by Charles Lussier
Advocate staff writer
June 15, 2012
Lee High is reopening in August, but exactly what kind of school it will be and whom it will educate is still being decided.
To help figure that out, the East Baton Rouge Parish school system is holding a community forum at 6 p.m. Thursday at Mayfair Middle School, 9880 Hyacinth Ave.
Interim Superintendent Carlos Sam told the School Board on Thursday that he’s looking at reopening Lee High with grades eight to 12, which would be a little larger than a traditional high school, and limiting Mayfair Middle to sixth and seventh grades.
“We want to make sure we do this right,” he said.
The school’s attendance zone, educational offerings and leadership are still undecided.
“It’s a great opportunity for us to design a school that we’ve never seen before,” Sam said.
School Board President Barbara Freiberg said that down the road, perhaps by fall 2013, the school could offer more courses for advanced students, perhaps a magnet program similar to Baton Rouge Magnet High, or something more like the gifted classes at McKinley High.
She noted that Baton Rouge Magnet High has a long waiting list. She said, though, there’s little time to try to get an advanced student program in place by Aug. 8, when the 2012-13 school year begins.
“We’re looking at this coming year as a planning year,” Freiberg said.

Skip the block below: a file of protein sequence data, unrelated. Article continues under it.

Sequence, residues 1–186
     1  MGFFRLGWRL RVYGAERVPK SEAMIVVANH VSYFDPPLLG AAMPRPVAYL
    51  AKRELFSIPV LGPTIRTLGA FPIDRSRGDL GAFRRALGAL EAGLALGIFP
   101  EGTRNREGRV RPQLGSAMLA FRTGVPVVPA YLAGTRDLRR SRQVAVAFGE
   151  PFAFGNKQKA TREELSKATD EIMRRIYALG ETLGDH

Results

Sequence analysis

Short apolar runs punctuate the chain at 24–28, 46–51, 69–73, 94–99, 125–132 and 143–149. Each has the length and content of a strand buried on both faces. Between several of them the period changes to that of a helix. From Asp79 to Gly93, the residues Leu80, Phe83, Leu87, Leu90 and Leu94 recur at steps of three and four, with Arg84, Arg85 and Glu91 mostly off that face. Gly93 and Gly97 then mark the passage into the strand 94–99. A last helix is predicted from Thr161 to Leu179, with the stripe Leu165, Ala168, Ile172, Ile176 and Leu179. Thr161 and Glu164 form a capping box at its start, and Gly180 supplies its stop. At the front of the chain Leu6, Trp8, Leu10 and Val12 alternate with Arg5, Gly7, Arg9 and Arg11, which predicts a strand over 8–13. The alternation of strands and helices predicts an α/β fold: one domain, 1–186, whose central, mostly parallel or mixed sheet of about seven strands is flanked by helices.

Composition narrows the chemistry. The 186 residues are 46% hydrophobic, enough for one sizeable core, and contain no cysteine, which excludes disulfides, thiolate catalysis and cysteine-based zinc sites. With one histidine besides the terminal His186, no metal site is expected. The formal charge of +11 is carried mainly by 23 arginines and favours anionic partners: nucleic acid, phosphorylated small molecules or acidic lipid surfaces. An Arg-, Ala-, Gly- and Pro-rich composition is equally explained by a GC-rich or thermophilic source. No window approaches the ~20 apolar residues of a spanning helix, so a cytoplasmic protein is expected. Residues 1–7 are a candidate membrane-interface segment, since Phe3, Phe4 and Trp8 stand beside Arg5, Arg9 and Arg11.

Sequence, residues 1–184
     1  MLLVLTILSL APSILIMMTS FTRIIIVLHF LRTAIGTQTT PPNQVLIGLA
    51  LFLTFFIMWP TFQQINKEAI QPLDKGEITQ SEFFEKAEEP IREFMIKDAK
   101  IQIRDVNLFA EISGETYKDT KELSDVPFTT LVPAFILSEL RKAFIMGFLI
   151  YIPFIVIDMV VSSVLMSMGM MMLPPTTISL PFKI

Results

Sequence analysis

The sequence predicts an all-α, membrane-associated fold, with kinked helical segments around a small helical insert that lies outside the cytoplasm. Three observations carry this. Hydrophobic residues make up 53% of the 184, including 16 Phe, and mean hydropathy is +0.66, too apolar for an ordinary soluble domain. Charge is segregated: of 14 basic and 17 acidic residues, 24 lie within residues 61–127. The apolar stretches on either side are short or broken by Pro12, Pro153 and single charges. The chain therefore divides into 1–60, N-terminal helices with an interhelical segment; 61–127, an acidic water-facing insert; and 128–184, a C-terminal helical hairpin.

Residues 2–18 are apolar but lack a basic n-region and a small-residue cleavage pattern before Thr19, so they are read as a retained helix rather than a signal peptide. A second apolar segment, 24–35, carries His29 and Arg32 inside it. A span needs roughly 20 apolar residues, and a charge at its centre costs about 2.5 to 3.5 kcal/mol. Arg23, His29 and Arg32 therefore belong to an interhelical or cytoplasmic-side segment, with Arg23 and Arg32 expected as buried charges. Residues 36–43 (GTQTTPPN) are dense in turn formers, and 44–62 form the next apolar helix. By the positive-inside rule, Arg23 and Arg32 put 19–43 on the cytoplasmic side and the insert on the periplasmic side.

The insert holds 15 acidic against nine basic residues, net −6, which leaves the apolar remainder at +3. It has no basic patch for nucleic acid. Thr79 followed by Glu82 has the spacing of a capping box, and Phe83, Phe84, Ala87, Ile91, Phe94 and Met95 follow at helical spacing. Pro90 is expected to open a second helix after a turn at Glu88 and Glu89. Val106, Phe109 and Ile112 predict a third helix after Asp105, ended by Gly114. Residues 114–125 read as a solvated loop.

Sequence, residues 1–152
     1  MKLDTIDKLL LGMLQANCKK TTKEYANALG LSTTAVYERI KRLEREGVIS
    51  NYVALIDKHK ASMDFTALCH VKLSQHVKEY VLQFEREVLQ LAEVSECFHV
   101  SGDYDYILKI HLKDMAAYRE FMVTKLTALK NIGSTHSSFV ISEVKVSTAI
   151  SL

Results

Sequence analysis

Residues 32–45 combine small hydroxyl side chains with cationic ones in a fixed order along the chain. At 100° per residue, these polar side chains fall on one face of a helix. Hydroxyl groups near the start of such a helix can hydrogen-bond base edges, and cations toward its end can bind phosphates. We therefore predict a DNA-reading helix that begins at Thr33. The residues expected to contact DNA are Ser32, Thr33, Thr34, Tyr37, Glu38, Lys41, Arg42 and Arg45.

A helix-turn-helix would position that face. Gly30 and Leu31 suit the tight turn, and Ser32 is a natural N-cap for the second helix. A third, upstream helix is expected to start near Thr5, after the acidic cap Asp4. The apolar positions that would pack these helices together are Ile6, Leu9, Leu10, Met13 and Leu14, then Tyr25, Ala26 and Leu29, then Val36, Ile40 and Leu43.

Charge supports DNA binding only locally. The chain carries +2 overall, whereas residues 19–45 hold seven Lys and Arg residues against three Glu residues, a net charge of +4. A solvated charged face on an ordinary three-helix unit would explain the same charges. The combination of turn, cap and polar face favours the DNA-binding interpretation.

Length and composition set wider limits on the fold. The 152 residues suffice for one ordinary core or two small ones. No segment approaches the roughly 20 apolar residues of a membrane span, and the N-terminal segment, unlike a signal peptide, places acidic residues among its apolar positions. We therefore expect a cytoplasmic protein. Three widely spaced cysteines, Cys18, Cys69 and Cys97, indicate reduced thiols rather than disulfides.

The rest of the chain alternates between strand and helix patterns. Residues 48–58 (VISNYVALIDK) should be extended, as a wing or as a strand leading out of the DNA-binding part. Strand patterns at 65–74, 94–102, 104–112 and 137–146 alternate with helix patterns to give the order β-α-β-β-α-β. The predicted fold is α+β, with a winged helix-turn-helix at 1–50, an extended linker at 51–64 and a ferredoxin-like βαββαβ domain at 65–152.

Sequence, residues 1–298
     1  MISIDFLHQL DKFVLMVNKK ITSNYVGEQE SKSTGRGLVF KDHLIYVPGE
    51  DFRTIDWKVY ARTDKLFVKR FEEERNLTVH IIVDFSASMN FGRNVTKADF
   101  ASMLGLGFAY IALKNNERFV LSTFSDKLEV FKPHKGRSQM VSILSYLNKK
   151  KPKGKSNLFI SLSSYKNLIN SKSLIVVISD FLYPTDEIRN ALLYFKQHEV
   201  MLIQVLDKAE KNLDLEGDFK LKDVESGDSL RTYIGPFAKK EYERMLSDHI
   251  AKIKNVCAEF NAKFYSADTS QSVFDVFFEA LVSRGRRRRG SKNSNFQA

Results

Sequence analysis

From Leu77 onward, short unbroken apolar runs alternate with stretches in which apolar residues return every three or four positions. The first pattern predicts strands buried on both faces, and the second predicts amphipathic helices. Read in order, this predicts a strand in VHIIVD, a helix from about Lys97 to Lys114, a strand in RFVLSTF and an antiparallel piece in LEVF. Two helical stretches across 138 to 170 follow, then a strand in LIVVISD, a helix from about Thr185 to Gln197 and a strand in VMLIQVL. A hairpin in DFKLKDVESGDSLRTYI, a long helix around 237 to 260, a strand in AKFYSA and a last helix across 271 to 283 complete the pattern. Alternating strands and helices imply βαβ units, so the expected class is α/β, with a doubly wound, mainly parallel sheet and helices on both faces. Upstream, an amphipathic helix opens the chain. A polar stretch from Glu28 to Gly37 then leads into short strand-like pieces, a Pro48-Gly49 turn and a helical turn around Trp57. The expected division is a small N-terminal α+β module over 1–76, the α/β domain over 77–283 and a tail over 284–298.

Freiberg said she hopes the board can vote on how a reopened Lee High should be organized initially at the board’s June 21 meeting.
Lee High, the traditional public high school for most of Baton Rouge south of Interstate 10, was closed in summer 2009 and its students were reassigned to McKinley, Tara and Woodlawn high schools. The school, which had fewer than 600 students, was a potential takeover target by the state Department of Louisiana. The School Board closed the school rather than run that risk.
In August 2010, students from Baton Rouge Magnet High took up temporary residence at the old Lee High. They are moving out this summer as Baton Rouge Magnet completes an expensive renovation and expansion, leaving Lee High’s campus empty once again.
With McKinley and Woodlawn high schools overcrowded, the school system is looking at reopening Lee High as a way of easing the burden on those schools.
Sam said the school system also needs to figure out ways to allow seniors to choose which high school they want to attend and to allow athletes to maintain their eligibility with the Louisiana High School Athletic Association.
He also said another idea is to house the senior class of the recently closed EBR Lab Academy at the reopened Lee High.
“There’s a variety of issues we need to work out so that we’re sensitive to the students,” Sam said.